This week, Australia’s population clock ticked over to 25 million: a moment of celebration for some and consternation for others.
Remarkably, this milestone was reached more than 20 years ahead of schedule if we believed official government projections from 2002.
Yet this has highlighted an inconvenient truth: governments are not good at predicting long-term population growth.
And this undermines public confidence in their ability to plan for a bigger Australia.
After all, how can governments plan for larger cities and more infrastructure if they cannot anticipate future population with any certainty?
To take one example: in its 2014 Plan for Growing Sydney, the NSW government estimated that an extra 664,000 homes would be needed in the next 20 years. Just two years later, this was revised up to 725,000.
Population growth is inherently difficult to forecast. This is why agencies like the Australian Bureau of Statistics make projections instead — that is, estimate different possible rates of population growth, based on assumptions about birth rates, life expectancy and migration levels.
However, these projections are often treated like a crystal ball; even though they are, at best, a form of sophisticated guesswork.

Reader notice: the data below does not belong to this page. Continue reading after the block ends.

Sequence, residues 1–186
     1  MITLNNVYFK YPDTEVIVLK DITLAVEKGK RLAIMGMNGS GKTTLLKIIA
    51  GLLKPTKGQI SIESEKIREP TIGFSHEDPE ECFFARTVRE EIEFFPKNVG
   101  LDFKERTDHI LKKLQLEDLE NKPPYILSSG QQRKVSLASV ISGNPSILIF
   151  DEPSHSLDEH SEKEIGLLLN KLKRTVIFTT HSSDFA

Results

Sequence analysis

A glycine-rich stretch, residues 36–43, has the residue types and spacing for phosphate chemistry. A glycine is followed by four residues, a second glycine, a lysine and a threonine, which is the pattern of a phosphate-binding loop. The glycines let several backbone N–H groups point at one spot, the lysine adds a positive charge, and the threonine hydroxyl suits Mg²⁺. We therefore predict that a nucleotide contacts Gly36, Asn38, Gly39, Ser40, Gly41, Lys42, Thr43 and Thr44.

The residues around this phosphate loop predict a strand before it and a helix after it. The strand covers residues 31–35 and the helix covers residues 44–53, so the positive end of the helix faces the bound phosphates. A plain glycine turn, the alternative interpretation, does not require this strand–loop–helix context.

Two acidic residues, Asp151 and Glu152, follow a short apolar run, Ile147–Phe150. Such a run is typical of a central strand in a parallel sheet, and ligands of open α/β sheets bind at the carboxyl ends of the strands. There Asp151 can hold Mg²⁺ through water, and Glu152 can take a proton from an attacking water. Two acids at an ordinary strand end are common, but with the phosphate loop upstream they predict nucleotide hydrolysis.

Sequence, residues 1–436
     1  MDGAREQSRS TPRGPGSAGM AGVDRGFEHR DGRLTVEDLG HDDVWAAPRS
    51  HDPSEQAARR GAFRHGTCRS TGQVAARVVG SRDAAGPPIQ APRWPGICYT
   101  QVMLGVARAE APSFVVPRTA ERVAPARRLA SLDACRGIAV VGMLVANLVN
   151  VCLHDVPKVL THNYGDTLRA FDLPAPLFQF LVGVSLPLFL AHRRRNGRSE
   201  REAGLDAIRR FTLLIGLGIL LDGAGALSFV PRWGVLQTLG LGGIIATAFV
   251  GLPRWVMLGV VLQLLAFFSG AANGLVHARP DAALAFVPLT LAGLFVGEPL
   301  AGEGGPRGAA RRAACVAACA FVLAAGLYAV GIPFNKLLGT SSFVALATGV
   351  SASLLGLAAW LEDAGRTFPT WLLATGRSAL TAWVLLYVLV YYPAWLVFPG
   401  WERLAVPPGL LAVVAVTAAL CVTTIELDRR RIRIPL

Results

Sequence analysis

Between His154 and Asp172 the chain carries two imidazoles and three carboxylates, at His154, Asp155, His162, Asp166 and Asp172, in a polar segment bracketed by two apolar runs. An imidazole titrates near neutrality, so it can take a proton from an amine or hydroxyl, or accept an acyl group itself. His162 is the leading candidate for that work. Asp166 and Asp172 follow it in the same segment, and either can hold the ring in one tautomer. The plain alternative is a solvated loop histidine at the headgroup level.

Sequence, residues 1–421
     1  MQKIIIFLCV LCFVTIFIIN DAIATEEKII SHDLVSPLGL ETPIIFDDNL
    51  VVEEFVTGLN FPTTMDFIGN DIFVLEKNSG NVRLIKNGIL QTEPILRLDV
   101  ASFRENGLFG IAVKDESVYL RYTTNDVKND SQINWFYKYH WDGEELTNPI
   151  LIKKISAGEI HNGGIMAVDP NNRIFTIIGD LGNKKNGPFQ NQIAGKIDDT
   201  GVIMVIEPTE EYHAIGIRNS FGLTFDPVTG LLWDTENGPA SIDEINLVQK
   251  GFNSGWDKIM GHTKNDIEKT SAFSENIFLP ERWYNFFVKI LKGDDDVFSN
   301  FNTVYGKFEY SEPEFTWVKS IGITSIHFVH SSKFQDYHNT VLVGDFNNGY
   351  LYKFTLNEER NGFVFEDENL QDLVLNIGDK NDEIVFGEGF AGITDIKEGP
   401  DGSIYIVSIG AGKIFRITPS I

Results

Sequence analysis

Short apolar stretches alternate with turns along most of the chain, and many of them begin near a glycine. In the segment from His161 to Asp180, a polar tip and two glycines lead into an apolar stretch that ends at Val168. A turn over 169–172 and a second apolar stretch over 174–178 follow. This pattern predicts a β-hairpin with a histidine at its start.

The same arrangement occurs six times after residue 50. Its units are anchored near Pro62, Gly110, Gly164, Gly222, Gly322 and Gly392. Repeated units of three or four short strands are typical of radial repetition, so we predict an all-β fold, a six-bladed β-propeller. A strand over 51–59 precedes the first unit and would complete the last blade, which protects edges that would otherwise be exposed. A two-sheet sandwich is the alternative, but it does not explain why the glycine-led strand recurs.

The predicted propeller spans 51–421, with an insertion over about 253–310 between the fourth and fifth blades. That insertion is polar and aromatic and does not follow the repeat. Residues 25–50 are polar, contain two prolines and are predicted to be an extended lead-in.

And another problem is that the underlying assumptions can be very conservative ¾ and even implausible in some respects.
For example, the government projections from 2002 assumed that annual net migration would stabilise at 90,000 – even though it peaked at 300,000 in 2008.
More recent projections also assume the level of net migration will stabilise in the long-term – although realistically it could keep growing, barring major policy changes.
This is why governments should approach population projections with extreme caution – and not present them to the public as divine revelation.
Otherwise, the public will lose all faith that governments are capable of planning for a ‘big Australia’. And public reaction to population growth will become increasingly more consternation than celebration.
This is an edited extract of an op-ed published in the Spectator online earlier this week.
18 January 2019 | Ideas@TheCentre
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